Hike the Trails and See the Ledges at Fitzgerald Park in Grand Ledge
Grand Ledge in Eaton County gets its name from the 60 foot tall sandstone ledges that rise above both sides of the Grand River. I had visited the ledges once before (on a high school field trip nearly 20 years ago) and this year we decided to return to check out the hiking trails at Fitzgerald Park and get some photographs of the ledges. While some of the ledges at Oak Park on the east bank of the river are open for recreational rock climbing, the ones at Fitzgerald Park are preserved for observation only.
A Michigan historical marker near the parking lot tells us just how important this area has been in Grand Ledge history: “Migrant Indian tribes led by famous Chief Okemos called this area “Big Rocks.” They came here in early spring to tap the sugar maples. Later, the beauty of the ledges and woods attracted the Grand Ledge Spiritualist Camp Association which, in 1894, established a summer camp and erected the large pavilion which still stands. Thousands of spiritualists came here for summer encampments until the turn of the century. In 1919, the City of Grand Ledge bought the property and named it Riverside Park. The pavilion was used for dances, roller skating and basketball. During World War II, it housed a factory. This park’s name commemorates Grand Ledge native Governor Frank D. Fitzgerald who died in office in 1939. The pavilion was refurbished as a summer theater by the Grand Ledge Improvement Association in 1955.”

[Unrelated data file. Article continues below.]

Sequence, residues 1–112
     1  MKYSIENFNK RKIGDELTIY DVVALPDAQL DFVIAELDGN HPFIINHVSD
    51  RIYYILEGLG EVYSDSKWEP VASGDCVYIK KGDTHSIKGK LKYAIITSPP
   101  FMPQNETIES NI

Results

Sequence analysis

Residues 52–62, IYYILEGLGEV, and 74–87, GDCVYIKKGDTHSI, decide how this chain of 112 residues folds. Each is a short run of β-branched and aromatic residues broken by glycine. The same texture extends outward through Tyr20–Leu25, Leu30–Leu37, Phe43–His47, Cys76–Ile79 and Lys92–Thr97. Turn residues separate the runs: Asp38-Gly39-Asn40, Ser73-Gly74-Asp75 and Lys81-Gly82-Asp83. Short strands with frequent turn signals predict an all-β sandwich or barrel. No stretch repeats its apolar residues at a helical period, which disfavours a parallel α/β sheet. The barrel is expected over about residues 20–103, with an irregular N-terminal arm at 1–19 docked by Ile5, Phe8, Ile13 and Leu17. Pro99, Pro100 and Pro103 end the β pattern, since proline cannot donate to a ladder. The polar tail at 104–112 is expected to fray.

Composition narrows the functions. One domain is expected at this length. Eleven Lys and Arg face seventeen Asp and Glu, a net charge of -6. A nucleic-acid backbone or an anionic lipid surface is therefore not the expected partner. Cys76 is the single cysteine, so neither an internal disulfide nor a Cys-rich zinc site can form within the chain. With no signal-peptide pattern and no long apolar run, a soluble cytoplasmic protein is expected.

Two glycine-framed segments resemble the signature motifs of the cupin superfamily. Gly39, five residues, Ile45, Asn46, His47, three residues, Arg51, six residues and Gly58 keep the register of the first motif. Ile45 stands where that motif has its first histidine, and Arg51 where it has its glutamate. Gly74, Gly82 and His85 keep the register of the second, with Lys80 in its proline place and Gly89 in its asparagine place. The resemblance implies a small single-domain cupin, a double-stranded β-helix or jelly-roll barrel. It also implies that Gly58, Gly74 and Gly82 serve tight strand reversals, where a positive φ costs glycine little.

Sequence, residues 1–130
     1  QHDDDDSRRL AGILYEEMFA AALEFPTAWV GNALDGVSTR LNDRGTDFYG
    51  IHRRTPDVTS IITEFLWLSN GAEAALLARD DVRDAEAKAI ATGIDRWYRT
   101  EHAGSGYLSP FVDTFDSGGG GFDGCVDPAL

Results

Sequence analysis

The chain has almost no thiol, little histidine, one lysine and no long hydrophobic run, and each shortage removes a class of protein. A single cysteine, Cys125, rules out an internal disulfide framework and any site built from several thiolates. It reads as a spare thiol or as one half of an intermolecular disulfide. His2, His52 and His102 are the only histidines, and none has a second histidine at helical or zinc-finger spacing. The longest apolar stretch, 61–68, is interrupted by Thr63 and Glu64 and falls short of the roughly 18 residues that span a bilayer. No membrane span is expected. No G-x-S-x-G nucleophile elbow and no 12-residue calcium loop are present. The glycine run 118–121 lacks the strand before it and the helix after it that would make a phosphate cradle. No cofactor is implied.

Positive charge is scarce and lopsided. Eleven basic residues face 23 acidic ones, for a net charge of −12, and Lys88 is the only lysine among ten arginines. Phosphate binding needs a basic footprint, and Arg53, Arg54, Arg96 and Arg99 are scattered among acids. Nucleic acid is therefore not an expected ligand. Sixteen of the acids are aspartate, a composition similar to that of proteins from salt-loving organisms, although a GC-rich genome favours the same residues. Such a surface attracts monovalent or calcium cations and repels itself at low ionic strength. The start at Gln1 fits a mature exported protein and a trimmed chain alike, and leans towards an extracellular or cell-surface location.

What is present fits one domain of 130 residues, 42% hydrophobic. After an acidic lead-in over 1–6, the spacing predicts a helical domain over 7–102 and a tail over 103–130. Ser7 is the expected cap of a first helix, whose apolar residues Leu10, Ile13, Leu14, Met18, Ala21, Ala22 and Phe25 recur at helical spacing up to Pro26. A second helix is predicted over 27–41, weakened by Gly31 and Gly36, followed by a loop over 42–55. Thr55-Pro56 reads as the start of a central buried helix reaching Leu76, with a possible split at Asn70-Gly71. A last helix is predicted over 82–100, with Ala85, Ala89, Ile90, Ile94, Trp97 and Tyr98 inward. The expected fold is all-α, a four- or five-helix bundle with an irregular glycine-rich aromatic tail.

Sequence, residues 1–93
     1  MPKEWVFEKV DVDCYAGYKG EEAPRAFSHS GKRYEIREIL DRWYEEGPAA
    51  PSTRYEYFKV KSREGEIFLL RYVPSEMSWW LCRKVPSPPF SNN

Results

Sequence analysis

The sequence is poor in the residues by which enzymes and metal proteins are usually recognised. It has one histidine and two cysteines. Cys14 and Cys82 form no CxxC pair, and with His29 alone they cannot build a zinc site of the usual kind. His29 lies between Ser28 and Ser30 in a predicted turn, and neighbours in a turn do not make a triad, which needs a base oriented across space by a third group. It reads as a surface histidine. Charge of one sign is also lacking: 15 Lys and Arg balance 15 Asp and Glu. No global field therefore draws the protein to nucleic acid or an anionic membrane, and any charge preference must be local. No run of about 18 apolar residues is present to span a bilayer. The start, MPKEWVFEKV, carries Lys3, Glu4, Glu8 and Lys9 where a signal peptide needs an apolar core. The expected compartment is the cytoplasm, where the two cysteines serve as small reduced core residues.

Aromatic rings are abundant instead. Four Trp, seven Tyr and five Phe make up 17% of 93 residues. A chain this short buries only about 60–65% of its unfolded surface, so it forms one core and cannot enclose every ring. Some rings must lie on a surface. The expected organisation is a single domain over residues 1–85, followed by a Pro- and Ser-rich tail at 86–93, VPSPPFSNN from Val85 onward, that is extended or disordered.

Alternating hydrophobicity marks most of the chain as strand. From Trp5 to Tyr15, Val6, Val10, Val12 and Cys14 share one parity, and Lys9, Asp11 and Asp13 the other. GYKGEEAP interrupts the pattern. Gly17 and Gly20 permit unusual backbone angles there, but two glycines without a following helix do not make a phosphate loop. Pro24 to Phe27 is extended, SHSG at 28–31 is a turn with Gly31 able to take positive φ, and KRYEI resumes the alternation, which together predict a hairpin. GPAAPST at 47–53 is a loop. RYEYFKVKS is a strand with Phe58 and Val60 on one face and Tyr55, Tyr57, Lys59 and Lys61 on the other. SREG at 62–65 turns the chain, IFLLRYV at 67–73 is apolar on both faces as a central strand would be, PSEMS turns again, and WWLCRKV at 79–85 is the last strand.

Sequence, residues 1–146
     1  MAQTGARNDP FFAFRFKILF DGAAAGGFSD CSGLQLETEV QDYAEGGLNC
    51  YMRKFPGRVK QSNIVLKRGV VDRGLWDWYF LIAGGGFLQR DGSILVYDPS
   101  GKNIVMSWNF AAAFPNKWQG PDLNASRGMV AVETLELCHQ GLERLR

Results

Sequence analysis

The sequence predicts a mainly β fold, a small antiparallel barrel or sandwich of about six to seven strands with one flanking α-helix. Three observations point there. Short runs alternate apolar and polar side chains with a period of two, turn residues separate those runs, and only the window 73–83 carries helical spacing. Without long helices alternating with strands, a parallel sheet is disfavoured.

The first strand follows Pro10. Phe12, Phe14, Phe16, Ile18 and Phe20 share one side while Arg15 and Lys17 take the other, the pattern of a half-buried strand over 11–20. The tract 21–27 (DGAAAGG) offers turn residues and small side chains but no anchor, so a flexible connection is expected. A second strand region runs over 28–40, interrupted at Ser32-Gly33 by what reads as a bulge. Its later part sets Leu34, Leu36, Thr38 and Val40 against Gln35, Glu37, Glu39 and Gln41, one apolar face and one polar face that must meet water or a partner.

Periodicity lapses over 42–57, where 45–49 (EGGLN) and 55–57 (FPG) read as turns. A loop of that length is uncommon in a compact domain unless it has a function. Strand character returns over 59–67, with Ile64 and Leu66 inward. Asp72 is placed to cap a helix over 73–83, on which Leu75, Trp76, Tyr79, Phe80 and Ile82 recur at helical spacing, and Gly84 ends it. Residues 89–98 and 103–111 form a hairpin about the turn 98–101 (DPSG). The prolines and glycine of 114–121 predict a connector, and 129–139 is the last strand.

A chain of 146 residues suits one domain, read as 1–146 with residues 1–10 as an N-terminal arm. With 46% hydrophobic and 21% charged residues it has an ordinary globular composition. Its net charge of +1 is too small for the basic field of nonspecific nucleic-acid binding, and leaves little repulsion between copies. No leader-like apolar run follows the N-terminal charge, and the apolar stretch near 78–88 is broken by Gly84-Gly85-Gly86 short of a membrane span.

Fitzgerald Park offers miles of trails that wind their way through the 78-acre park. Most are short segments and all trails are well-marked and well-worn. One of the most popular trails, for good reason, is the Ledges Trail. We headed there first after arriving at the park. A sign reminding visitors of how delicate this natural area is greeted us once we got down to river level: “The Ledges are ancient sedimentary rocks. Please help preserve them and insure your safety by not climbing or writing on the ledges. Both hurry the natural process of erosion.”
The Ledges Trail is less than a half mile long, but it packs a lot of scenery into a short distance. There are several side trails worth exploring, and the main trail is well-worn but not flat. While running parallel to the river, this trail passes many rock outcroppings worth taking a closer look at. Some are as tall as 40 feet, and anyone who has visited Pictured Rocks National Lakeshore in the Upper Peninsula will notice some similarities here. The Ledges Trail ends at the old train bridge over the river, but a trail continues on and eventually leads to downtown Grand Ledge and Island Park (passing by privately owned land on both sides, please be respectful).
Fitzgerald Park is also home to a very popular 18 hole disc golf course. Players will find themselves challenged by the tree-filled terrain, long uphills, and a lot of holes in the woods near the Acorn Loop Trail.
A parking area by the Grand Ledge Dam (downhill past the wastewater treatment plant) allows access for fishing. There is a fish ladder next to the dam, allowing fish upstream without having to jump the dam. Several trails intersect here including the Island Trail shown below. Things could change here in the future as the county has proposed expanding the wastewater treatment plant and reducing the park’s footprint (read more here).
Other facilities at this park include a baseball field, a volleyball court, pavilions and picnic space, a playground, cross country skiing trails, and a winter sledding hill. The Ledges Playhouse normally offers summer theatre in a 300+ seat venue but current plans for events are on hold due to the pandemic.